BELGRADE – Amid knowledge that organized groups of criminals smuggle migrant children illegally into Europe, Europol has revealed that as many as 10,000 underage asylum seekers have gone missing in the bloc since the current crisis began.
EU Police Chief Brian Donald made the figure public on Monday, suggesting that the estimate is “conservative.” Donald said that the figure is based on police reports, as well as government and NGO information in the EU. The assessment covers a period of approximately 12 to 18 months to the present, or since the beginning of the current migrant crisis in Europe.
In Sweden, a popular destination for asylum seekers, roughly 1,900 of the 55,000 of unaccompanied children that applied for refuge in recent years have been confirmed missing, according to statistics provided by the Swedish Migration Agency. Authorities have confessed that they have very little information on the fate of these children.
Donald pointed out that authorities are concerned that the missing children may end up in the hands of organized criminal groups operating in the EU.
“They’re lost in the system,” he stated. “We know that there are people out there who will exploit minors. We know there are people who will take them and use them for their own purposes.”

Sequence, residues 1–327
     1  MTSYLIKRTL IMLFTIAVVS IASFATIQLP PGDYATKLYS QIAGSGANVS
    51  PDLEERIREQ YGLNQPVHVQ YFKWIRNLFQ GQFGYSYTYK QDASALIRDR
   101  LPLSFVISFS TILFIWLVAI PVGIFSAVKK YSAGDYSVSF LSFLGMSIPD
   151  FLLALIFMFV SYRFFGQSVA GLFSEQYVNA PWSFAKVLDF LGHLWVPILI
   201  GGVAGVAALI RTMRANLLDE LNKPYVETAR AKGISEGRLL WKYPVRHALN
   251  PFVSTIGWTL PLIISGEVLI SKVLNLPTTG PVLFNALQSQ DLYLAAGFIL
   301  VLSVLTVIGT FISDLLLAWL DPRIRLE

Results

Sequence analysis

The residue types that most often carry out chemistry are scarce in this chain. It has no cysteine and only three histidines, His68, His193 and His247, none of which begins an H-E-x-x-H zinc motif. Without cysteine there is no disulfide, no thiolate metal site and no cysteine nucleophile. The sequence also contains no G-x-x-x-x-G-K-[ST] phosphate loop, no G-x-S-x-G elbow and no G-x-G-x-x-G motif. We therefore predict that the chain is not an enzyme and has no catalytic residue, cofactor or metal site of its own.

Amir Hashemi-Nik, a Stockholm County Administration member, confirmed the assertion, adding that “many” of the missing children in Sweden have been subjected to various kinds of human-trafficking, including prostitution and begging.
The UK-based charity Save the Children reported that some 26,000 unaccompanied minors entered the EU in 2015. The charity asserted that those children were immediately targeted by sex abusers and human traffickers. Despite the charity organization’s urgings to the UK government to accommodate 3,000 of the minors, state authorities said they preferred to focus on the needs of children in refugee camps in the Middle East.
The UN Refugee Agency (UNHCR) in Italy has documented that 12,360 accompanied children were rescued while trying to reach Europe by sea. How many of them disappeared after their rescue is unknown.
“There is no certainty where they are,” UNHCR spokesperson Carlotta Sami claimed, adding that many children keep moving to Northern Europe after reaching Italy.
Michele Prosperi, a spokesman for Save the Children Italy, said the “alarm” sounded by Europol is justified, as missing children automatically drop out of the migrant protection system, finding themselves in a “vulnerable condition,” and easy prey for criminals.
Europol analysts confirmed that organized criminal groups in Europe have taken advantage of the ongoing situation.
“They are very adept at making changes to reflect the current situation. So if the market for them is changing then they will follow that market and at the moment the area of exploitation that’s largely available is the exploitation of migrants.”